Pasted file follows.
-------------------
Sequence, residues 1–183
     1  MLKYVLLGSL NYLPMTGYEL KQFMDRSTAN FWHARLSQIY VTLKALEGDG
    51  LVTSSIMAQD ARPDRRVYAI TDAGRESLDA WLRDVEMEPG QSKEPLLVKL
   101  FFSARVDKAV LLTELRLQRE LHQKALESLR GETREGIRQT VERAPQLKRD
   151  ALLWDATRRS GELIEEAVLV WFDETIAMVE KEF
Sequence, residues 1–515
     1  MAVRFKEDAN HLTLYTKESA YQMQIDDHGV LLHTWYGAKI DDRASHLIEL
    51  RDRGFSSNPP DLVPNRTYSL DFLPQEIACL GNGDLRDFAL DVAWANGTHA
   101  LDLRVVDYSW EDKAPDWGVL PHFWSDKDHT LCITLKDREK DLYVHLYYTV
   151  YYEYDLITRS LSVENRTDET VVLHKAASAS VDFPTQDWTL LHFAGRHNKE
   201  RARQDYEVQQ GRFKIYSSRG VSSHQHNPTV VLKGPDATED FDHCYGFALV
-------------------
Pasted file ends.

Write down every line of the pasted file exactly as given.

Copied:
Sequence, residues 1–183
     1  MLKYVLLGSL NYLPMTGYEL KQFMDRSTAN FWHARLSQIY VTLKALEGDG
    51  LVTSSIMAQD ARPDRRVYAI TDAGRESLDA WLRDVEMEPG QSKEPLLVKL
   101  FFSARVDKAV LLTELRLQRE LHQKALESLR GETREGIRQT VERAPQLKRD
   151  ALLWDATRRS GELIEEAVLV WFDETIAMVE KEF
Sequence, residues 1–515
     1  MAVRFKEDAN HLTLYTKESA YQMQIDDHGV LLHTWYGAKI DDRASHLIEL
    51  RDRGFSSNPP DLVPNRTYSL DFLPQEIACL GNGDLRDFAL DVAWANGTHA
   101  LDLRVVDYSW EDKAPDWGVL PHFWSDKDHT LCITLKDREK DLYVHLYYTV
   151  YYEYDLITRS LSVENRTDET VVLHKAASAS VDFPTQDWTL LHFAGRHNKE
   201  RARQDYEVQQ GRFKIYSSRG VSSHQHNPTV VLKGPDATED FDHCYGFALV